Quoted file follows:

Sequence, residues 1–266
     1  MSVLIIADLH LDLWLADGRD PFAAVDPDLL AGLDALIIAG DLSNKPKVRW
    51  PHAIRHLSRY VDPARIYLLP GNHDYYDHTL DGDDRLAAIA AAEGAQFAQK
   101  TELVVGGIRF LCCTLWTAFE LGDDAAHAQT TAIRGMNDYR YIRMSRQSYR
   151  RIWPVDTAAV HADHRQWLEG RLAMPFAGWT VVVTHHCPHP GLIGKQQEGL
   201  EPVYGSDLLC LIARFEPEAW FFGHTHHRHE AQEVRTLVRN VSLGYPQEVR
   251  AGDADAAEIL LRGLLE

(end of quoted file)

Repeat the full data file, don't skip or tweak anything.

Sequence, residues 1–266
     1  MSVLIIADLH LDLWLADGRD PFAAVDPDLL AGLDALIIAG DLSNKPKVRW
    51  PHAIRHLSRY VDPARIYLLP GNHDYYDHTL DGDDRLAAIA AAEGAQFAQK
   101  TELVVGGIRF LCCTLWTAFE LGDDAAHAQT TAIRGMNDYR YIRMSRQSYR
   151  RIWPVDTAAV HADHRQWLEG RLAMPFAGWT VVVTHHCPHP GLIGKQQEGL
   201  EPVYGSDLLC LIARFEPEAW FFGHTHHRHE AQEVRTLVRN VSLGYPQEVR
   251  AGDADAAEIL LRGLLE